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Ruling on setting a time for the iqaamah for prayer so that it will be no later or earlier than a specific time


Publication : 18-09-2021

Views : 8634


I am living in America, and the mosque in our city is very keen to organise activities to serve the community here, but I feel that everything is subject to programming, and there may be no need for that or it may not be permissible. For example, Fajr, Maghrib and ‘Isha’ prayers are programmed to always be fifteen minutes, and if the imam differs from that, the administration may rebuke him in a way that is not befitting to the position of the imam. The matter has gone so far that if we come late to the prayer, they say that it does not matter because the imam may be in such and such a rak‘ah. One of my friends worked out the timing for ‘Isha’ prayer: it is always five minutes for the first rak‘ah, five minutes for the second rak‘ah, and five minutes for the last two rak‘ahs combined.
Is this permissible, for the prayer to be divided like that and for the imam to be obliged to always make it fifteen minutes?


Praise be to Allah.

The Muslim – whether he is an imam or praying behind an imam – should always be keen to pray as the Prophet (blessings and peace of Allah be upon him) used to pray, in accordance with the words of the Prophet (blessings and peace of Allah be upon him): “Pray as you have seen me praying.” Narrated by al-Bukhaari (631). And he should not introduce anything into the prayer, especially that for which there is no basis in the religion of Allah and that was not the practice of the people before. 

Shaykh al-Islam Ibn Taymiyah (may Allah have mercy on him) said: The best for the imam is to strive to emulate the way in which the Messenger of Allah (blessings and peace of Allah be upon him) used to lead his companions in prayer. In fact this is what is prescribed and is enjoined by the leading scholars… So the imam should usually do what the Prophet (blessings and peace of Allah be upon him) usually did, then if there is an interest to be served by making it longer than that or shorter than that, he may do that, as the Prophet (blessings and peace of Allah be upon him) used to sometimes make the prayer longer or shorter. 

End quote from Majmoo‘ al-Fataawa (22/315-318) 

From what has been mentioned about the prayer in the mosque referred to, there are several things that are contrary to the Sunnah, including the following: 


 Programming every prayer to be at a specific time is undoubtedly contrary to the Prophet’s Sunnah; moreover, it is an innovation that was not the practice of the earlier generations and is not known from the imams of guidance and leading Muslim scholars throughout the ages – as far as we know – rather what is known is something other than that. 


Making Fajr prayer equal in length to Maghrib and ‘Isha’ prayers is contrary to the Sunnah that has been narrated from the Messenger of Allah (blessings and peace of Allah be upon him). 

The usual practice of the Prophet (blessings and peace of Allah be upon him) was to make Fajr prayer lengthy, ‘Isha’ prayer moderate in length and Maghrib prayer brief, as it was narrated by an-Nasaa’i (982) from Sulaymaan ibn Yasaar that Abu Hurayrah said: I have never prayed behind anyone whose prayer more closely resembled that of the Messenger of Allah (blessings and peace of Allah be upon him) than So and so. Sulaymaan said: He used to make the first two rak‘ahs of Zuhr lengthy and make the last two brief, he made ‘Asr brief, he recited the short soorahs of al-Mufassal in Maghrib, he recited the medium soorahs of al-Mufassal in ‘Isha’ and he recited the lengthy soorahs of al-Mufassal in Fajr.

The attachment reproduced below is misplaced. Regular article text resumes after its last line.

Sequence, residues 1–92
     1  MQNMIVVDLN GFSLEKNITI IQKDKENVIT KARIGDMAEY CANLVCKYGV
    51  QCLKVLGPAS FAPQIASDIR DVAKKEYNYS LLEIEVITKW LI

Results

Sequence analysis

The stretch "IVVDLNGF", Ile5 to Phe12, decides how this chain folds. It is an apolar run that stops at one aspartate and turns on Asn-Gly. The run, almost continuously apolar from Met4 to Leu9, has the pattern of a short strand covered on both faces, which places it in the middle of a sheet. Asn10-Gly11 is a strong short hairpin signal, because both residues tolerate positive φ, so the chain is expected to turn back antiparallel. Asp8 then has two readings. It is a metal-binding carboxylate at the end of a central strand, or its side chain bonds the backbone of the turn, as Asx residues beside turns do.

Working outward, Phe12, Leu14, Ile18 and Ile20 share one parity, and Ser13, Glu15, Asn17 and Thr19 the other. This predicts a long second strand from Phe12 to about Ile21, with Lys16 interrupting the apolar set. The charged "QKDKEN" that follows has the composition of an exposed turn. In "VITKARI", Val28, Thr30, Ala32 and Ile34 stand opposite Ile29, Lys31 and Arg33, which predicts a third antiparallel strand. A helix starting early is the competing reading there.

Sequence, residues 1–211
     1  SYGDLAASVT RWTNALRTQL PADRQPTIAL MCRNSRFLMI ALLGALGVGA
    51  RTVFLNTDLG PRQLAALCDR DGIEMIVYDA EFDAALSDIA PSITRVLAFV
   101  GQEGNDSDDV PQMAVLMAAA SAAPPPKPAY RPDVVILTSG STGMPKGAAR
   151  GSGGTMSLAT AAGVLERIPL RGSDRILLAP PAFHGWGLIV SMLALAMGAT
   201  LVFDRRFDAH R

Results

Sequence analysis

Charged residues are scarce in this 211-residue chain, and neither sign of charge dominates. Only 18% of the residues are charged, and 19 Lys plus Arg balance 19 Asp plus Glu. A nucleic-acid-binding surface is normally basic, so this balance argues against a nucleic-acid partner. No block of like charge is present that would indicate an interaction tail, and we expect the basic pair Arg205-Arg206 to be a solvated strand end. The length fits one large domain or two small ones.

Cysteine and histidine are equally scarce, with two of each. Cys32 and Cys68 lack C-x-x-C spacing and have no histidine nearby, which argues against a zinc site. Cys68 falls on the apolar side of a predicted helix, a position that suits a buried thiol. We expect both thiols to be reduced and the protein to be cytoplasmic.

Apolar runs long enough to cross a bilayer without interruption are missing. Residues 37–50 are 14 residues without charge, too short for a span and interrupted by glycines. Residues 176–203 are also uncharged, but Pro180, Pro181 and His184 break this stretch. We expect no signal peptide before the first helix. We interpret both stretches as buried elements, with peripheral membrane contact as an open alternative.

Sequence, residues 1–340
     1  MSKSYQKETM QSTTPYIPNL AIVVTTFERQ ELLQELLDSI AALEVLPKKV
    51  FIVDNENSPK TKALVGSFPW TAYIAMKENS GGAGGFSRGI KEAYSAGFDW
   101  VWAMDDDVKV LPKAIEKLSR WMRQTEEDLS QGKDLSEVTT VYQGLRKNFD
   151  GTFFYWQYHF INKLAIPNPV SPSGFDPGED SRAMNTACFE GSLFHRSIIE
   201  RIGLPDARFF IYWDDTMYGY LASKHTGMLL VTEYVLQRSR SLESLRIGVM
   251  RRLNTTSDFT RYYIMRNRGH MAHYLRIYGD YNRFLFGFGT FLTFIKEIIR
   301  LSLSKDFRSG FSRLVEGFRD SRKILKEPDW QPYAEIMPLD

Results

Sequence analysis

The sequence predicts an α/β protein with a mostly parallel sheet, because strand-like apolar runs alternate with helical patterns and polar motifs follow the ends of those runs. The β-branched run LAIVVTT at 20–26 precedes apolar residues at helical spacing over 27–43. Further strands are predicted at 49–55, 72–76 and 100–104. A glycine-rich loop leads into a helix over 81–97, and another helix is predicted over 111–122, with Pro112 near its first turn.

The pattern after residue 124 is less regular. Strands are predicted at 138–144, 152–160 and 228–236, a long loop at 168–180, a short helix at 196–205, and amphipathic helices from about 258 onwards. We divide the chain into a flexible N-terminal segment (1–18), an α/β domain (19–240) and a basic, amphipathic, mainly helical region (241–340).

Classed as saheeh by al-Albaani in Saheeh an-Nasaa’i. please see also the answer to question no. 162900 


Making the first rak‘ah of ‘Isha’ or any other prayer the same as the length of the second rak‘ah, and defining that in terms of minutes, is also introducing something that is contrary to the Sunnah, because what the Prophet (blessings and peace of Allah be upon him) usually did was to make the first rak‘ah longer than any other. Please see the answer to question no. 171060.


Making the imam persistently perform the prayer in a manner that is contrary to that which is narrated in the Sunnah, and taking him to task if he goes against that is – in addition to going against the Sunnah – is disrespectful towards the one who is leading you in the prayer and obliging him to do something that he is not obliged to do; it is contrary to the status of the act of worship and to what is expected of honouring the one who stands before the worshippers to lead them in prayer, who should be one of the people of the people of the Qur’an or should be the most knowledgeable of the worshippers about the Qur’an. It is turning away from all of that and making it more like purely routine administrative work. So it becomes like a job with rules and regulations that the imam may have to put up with for the sake of what he gets of a salary and a livelihood. 

What you should do is advise the administration of the mosque and come to some agreement with them concerning this matter, on the basis of wisdom and kindness, so that the mosque will be paying attention to the Sunnah in the best manner and adhering to it. 

With regard to defining the time between the adhaan and iqaamah for each prayer in a way that will best serve the interests of all, it does not seem to us that there is anything wrong with that; in fact most of the mosques do that, setting a time for the iqaamah, so that the people will know the time of the prayer and will not miss it.

For more information on that, please see the answer to question no. 160000

And Allah knows best.

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Source: Islam Q&A